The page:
Identifying outliers in R with ggplot2

[Total: 6    Average: 3.8/5]

One of the first steps when working with a fresh data set is to plot its values to identify patterns and outliers. When outliers appear, it is often useful to know which data point corresponds to them to check whether they are generated by data entry errors, data anomalies or other causes.

Unfortunately ggplot2 does not have an interactive mode to identify a point on a chart and one has to look for other solutions like GGobi (package rggobi) or iPlots.

However, if all is needed is to give a “name” to the outliers, it is possible to use ggplot labeling capabilities for the purpose. While labeling all points would usually produce a crowded and difficult to read plot, we can limit the labeling only to those points that respect certain conditions, namely our outliers.

Here is an example to illustrate this useful technique. We will be using the following data set consisting of 100 observations. The data set has been generated using rnorm for x and y. The label column provides an identifier for each observation in the form of “Data N” where N is the number of the observation.

To generate an outlier in the data set, the x value for observation number 87 has been changed to 100.

Let’s use qplot to plot the data.

And here is the resulting plot.

Rplot

 

The next step is to label the outlier (the point with x=100, observation number 87) and the outlier only with a label corresponding to its name. This is as easy as adding a geom_text call to qplot and setting the condition according to which the label has to be added.

The call to geom_text as it appears above adds a label to all points, but only those for which either x is greater than four times the Inter Quartile Range of all x in data or y is greater than four times the IQR of all y in data receive a non empty label (equal to the corresponding name in the label column). All the other points, those that are not outliers according to the condition we have set, receive an empty label, which means no label is displayed for them.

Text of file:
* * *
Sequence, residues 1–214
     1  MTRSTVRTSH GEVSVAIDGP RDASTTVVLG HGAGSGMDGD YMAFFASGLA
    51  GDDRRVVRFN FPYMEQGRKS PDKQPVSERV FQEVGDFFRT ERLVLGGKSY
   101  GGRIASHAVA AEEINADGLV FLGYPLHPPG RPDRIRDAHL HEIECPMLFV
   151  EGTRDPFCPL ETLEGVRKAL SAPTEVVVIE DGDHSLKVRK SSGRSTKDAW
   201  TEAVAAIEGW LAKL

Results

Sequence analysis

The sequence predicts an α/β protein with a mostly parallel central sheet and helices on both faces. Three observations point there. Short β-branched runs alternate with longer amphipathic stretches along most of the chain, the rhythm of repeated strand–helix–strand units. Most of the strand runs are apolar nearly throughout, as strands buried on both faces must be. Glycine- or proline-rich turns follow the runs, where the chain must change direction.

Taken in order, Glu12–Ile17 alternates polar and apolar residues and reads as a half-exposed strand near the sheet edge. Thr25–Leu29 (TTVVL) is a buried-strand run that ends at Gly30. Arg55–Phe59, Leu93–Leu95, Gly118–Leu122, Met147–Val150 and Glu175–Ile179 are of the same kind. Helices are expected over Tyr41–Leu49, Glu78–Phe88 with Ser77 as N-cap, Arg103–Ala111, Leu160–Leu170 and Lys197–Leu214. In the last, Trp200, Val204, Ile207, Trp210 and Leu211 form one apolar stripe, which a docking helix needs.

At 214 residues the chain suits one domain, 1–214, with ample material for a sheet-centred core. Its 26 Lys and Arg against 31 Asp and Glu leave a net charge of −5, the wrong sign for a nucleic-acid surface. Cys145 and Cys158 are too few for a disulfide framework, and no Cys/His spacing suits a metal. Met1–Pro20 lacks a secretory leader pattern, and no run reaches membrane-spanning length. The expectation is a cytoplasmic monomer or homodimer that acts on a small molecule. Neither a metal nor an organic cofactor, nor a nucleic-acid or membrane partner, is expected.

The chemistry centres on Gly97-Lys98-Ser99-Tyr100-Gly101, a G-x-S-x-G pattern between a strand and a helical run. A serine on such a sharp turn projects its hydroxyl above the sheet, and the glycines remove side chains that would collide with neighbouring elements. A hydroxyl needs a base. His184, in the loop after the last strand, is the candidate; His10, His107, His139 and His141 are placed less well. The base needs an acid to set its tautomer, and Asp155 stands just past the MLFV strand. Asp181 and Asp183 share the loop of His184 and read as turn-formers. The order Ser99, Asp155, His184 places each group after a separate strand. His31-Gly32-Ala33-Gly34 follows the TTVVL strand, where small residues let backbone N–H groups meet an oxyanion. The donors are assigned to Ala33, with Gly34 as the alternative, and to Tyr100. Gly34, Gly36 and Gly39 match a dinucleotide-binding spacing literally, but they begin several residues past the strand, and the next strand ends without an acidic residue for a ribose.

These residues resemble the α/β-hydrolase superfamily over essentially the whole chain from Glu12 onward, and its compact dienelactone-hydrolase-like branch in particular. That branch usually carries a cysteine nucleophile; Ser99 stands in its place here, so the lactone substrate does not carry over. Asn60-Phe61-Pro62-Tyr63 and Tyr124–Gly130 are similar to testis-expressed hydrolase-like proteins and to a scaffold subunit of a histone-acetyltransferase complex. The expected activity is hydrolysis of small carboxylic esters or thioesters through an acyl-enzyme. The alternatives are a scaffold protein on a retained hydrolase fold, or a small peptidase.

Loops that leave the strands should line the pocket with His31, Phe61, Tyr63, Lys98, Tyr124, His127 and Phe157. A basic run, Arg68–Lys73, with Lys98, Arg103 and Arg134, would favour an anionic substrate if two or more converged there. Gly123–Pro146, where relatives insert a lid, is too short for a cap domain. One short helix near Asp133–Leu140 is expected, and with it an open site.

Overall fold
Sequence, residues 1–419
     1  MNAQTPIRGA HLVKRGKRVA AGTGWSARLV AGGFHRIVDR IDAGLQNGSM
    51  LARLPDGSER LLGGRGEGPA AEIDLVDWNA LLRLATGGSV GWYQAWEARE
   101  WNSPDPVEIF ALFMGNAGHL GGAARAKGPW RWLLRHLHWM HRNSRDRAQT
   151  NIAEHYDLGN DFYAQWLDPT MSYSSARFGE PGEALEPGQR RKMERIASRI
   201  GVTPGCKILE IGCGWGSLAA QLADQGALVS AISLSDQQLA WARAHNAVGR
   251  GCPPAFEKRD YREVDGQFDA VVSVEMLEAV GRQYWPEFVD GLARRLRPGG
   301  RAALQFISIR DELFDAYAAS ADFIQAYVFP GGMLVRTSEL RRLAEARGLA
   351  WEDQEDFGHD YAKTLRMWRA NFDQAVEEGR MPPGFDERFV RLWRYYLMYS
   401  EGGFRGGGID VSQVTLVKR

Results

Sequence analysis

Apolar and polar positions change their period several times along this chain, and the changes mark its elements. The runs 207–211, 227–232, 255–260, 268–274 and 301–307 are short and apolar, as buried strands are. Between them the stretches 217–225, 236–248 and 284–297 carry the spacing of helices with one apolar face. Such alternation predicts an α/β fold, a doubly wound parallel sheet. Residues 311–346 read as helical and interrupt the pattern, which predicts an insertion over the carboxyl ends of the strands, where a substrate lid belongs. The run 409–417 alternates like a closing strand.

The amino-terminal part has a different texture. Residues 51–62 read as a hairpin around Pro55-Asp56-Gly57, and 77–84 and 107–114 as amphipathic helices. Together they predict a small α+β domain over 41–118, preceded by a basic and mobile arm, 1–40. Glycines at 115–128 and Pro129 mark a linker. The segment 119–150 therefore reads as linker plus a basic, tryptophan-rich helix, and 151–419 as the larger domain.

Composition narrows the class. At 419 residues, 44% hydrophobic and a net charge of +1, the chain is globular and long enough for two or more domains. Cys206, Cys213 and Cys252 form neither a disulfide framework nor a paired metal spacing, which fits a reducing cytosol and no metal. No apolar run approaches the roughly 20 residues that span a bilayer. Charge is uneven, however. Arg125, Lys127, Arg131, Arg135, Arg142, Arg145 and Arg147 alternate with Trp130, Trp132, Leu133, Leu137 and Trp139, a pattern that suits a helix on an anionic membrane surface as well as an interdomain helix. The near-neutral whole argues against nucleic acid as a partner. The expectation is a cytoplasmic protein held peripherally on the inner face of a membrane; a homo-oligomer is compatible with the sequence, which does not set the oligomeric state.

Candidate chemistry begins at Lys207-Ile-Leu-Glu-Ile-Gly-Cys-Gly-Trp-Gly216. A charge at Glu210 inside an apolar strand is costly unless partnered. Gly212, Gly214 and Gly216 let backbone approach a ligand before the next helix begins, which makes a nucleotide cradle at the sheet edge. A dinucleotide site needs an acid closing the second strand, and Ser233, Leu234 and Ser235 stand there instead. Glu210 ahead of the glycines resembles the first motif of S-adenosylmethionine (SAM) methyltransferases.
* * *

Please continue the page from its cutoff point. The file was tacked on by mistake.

The hjust parameter is used to slightly offset on the horizontal direction the label respect to the point, so it doesn’t overlap with it.

Here the graphical result, correctly identifying the outlier as being “Data 87”.

Rplot2

The right condition to specify within the ifelse statement to correctly select the outliers to label largely depends on the data set. Often it is a matter of trial and errors (trying 1.5 * IQR, 2 *IQR, 3 * IQR, …) until only the “right” outliers are labeled.

A small addition to the code above allows us to label the outliers also with their x and y values.

Rplot3

I hope you found this quick trick useful. If so, please let me know by leaving a comment below.

Till next time!

You may also like

Leave a Reply

Your email address will not be published. Required fields are marked *

This site uses Akismet to reduce spam. Learn how your comment data is processed.